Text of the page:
Time-limited ARRA subsidies to laid-off workers for COBRA continuation coverage have substantially raised enrollment, even though layoffs sharply cut household income. The two largest data sets reviewed here showed average rises in take-up rates of 43 percent and 100 percent. However, rates varied widely across employers, and tax-subsidy claims to the IRS are thus far running much lower than expected. Coming closer to universal coverage for this population or for all Americans would require higher subsidy and possibly also a mandate to obtain coverage—two features that increase COBRA participation in a separate Massachusetts program for unemployed residents.
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This brief assesses a temporary but important new federal subsidy for laid-off workers and dependents. Most working-age Americans and their families obtain health care coverage at the workplace and often lose it when they leave or lose their job.1 The Consolidated Omnibus Budget Reconciliation Act of 1986 (COBRA) addressed this gap by requiring sizeable group health plans to continue job-based coverage for people losing eligibility.2 COBRA enrollees have to pay the average cost of the employer plan, however, which deters enrollment.3 In February 2009, Congress reduced this barrier to COBRA take-up by enacting a new, temporary federal subsidy of 65 percent of premium for job losers under the American Recovery and Reinvestment Act (ARRA).4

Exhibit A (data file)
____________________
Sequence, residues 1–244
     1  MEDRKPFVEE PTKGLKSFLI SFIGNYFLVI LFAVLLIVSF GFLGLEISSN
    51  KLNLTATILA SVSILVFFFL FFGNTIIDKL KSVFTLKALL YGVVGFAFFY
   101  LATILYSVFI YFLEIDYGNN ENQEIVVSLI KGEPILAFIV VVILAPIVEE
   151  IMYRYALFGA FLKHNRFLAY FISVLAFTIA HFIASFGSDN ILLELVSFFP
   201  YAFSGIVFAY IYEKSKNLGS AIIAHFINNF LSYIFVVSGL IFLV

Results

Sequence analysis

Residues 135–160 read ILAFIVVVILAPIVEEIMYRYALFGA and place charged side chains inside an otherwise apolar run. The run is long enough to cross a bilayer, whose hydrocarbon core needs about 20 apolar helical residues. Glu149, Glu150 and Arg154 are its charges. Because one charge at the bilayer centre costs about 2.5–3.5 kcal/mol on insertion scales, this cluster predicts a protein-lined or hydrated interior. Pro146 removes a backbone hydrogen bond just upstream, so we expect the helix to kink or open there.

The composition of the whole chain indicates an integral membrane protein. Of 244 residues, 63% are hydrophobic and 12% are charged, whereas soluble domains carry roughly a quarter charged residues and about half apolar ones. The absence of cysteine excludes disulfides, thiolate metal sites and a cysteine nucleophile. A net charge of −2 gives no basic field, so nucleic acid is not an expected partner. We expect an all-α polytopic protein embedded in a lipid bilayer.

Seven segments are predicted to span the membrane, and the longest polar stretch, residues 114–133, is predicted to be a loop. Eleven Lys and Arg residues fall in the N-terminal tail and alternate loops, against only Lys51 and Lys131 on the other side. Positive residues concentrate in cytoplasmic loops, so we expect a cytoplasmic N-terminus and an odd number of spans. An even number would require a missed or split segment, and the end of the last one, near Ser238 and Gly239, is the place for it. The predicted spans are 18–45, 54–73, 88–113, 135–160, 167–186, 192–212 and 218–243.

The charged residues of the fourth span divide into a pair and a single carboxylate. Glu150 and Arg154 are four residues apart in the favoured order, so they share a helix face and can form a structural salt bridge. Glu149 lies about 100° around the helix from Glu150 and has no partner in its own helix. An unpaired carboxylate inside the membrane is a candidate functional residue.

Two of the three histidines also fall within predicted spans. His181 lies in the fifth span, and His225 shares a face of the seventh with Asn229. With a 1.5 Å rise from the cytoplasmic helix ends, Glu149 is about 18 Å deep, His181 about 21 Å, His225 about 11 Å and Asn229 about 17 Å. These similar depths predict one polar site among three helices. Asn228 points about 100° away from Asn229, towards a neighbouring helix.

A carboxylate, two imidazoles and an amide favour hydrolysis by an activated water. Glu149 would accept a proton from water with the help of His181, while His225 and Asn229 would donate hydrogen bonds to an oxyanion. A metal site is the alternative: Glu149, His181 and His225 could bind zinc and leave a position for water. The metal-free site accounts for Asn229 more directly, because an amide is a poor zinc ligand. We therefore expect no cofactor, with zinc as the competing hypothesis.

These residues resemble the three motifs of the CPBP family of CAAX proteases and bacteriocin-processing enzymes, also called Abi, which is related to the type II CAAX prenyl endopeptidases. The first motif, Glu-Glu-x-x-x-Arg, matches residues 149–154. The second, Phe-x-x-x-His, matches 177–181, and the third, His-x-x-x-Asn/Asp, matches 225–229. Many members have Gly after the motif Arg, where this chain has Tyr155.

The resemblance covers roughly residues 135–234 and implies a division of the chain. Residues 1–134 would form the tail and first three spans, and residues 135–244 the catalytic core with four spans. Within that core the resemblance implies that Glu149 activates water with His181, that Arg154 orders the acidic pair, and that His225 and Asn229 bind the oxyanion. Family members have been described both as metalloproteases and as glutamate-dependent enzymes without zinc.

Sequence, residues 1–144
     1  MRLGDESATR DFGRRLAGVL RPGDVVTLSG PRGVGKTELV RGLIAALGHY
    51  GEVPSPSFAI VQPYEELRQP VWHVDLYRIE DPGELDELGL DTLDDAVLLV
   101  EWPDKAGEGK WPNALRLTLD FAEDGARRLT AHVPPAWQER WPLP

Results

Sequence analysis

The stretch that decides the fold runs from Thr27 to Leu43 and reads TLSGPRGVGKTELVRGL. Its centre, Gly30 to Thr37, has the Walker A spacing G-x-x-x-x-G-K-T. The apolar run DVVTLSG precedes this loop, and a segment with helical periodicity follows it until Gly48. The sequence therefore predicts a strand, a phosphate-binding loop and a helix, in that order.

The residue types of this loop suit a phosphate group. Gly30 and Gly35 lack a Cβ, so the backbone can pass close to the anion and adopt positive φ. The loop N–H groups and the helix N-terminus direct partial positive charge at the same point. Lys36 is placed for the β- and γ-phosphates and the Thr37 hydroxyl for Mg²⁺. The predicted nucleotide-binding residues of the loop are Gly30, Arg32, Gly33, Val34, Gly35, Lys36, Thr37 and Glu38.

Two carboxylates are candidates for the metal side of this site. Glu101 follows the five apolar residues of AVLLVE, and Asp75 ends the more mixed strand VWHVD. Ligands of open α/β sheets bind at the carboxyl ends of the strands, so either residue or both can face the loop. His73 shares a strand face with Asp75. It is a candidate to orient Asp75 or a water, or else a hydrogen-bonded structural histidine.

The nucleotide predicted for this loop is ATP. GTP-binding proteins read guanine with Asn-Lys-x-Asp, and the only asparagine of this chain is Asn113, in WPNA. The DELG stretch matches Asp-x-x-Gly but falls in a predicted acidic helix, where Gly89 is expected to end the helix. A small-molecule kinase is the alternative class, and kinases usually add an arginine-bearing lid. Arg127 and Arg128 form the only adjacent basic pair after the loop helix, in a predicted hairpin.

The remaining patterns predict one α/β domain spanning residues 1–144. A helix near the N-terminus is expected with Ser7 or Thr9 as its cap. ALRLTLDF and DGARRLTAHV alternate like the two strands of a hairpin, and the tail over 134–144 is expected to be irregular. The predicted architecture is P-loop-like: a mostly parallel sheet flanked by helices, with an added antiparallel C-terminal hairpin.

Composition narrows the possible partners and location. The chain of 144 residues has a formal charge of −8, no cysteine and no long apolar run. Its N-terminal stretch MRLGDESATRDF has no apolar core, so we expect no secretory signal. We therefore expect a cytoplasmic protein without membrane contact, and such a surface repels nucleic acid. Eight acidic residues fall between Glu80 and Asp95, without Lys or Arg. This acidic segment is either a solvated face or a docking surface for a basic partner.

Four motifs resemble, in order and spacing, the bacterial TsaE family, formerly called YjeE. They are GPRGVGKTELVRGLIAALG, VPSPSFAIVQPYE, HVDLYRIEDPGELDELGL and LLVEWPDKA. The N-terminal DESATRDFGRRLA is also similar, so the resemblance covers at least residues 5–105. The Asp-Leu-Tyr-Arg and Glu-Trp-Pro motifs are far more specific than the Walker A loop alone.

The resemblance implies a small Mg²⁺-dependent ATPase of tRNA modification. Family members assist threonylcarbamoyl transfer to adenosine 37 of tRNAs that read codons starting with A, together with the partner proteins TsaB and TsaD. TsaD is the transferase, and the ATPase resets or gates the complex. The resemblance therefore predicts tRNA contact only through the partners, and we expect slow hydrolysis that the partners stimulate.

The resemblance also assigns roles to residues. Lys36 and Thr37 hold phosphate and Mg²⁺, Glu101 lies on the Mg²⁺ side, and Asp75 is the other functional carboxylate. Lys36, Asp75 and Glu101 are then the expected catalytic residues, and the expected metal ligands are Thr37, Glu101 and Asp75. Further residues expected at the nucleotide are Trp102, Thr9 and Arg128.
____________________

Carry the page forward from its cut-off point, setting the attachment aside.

The new subsidies were expected to have a large impact. In 2006, nearly 6 million people had COBRA coverage,5 and some 7 million were expected to benefit from ARRA starting in 2009.6 Since then, job separations and the unemployment rate have risen,7 so COBRA and the ARRA subsidy have become more important. The subsidies have already been extended, and Congress is now considering further extensions. Of course, the subsidies raise the broader question of COBRA's continued role up to and after the implementation of insurance reform unde the Patient Protection and Affordable Care Act (PPACA).
Based upon a literature scan, key informant interviews, and available data, this brief addresses key questions8: To what extent did subsidy increase take-up of COBRA coverage? Did subsidy reduce "adverse selection" of older, sicker people into COBRA coverage? Are yet higher subsidies or other measures needed to move closer to full enrollment? What are the implications for COBRA policy under health reform and for the implementation of health reform itself?
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